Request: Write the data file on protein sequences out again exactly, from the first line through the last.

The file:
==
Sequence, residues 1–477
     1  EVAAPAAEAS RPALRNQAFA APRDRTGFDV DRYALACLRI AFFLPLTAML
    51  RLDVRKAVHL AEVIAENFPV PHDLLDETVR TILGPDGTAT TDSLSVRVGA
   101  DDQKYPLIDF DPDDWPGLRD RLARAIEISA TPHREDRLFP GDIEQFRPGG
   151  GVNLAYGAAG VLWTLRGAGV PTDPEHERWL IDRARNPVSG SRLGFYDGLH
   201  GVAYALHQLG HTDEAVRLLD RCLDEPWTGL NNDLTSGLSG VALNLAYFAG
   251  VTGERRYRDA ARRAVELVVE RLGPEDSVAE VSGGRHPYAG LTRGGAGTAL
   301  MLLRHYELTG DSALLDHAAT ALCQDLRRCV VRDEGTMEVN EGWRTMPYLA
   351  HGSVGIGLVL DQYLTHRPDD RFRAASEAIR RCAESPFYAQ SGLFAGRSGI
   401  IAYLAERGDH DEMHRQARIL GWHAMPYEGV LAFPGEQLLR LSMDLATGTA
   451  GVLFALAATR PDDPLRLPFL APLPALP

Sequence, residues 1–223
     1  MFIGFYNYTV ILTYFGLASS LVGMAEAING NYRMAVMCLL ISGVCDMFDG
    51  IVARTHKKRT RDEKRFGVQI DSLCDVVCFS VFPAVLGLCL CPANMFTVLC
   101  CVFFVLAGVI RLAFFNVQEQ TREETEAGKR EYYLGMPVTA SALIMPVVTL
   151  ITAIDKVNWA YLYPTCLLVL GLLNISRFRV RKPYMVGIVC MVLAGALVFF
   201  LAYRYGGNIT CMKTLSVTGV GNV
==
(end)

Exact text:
Sequence, residues 1–477
     1  EVAAPAAEAS RPALRNQAFA APRDRTGFDV DRYALACLRI AFFLPLTAML
    51  RLDVRKAVHL AEVIAENFPV PHDLLDETVR TILGPDGTAT TDSLSVRVGA
   101  DDQKYPLIDF DPDDWPGLRD RLARAIEISA TPHREDRLFP GDIEQFRPGG
   151  GVNLAYGAAG VLWTLRGAGV PTDPEHERWL IDRARNPVSG SRLGFYDGLH
   201  GVAYALHQLG HTDEAVRLLD RCLDEPWTGL NNDLTSGLSG VALNLAYFAG
   251  VTGERRYRDA ARRAVELVVE RLGPEDSVAE VSGGRHPYAG LTRGGAGTAL
   301  MLLRHYELTG DSALLDHAAT ALCQDLRRCV VRDEGTMEVN EGWRTMPYLA
   351  HGSVGIGLVL DQYLTHRPDD RFRAASEAIR RCAESPFYAQ SGLFAGRSGI
   401  IAYLAERGDH DEMHRQARIL GWHAMPYEGV LAFPGEQLLR LSMDLATGTA
   451  GVLFALAATR PDDPLRLPFL APLPALP

Sequence, residues 1–223
     1  MFIGFYNYTV ILTYFGLASS LVGMAEAING NYRMAVMCLL ISGVCDMFDG
    51  IVARTHKKRT RDEKRFGVQI DSLCDVVCFS VFPAVLGLCL CPANMFTVLC
   101  CVFFVLAGVI RLAFFNVQEQ TREETEAGKR EYYLGMPVTA SALIMPVVTL
   151  ITAIDKVNWA YLYPTCLLVL GLLNISRFRV RKPYMVGIVC MVLAGALVFF
   201  LAYRYGGNIT CMKTLSVTGV GNV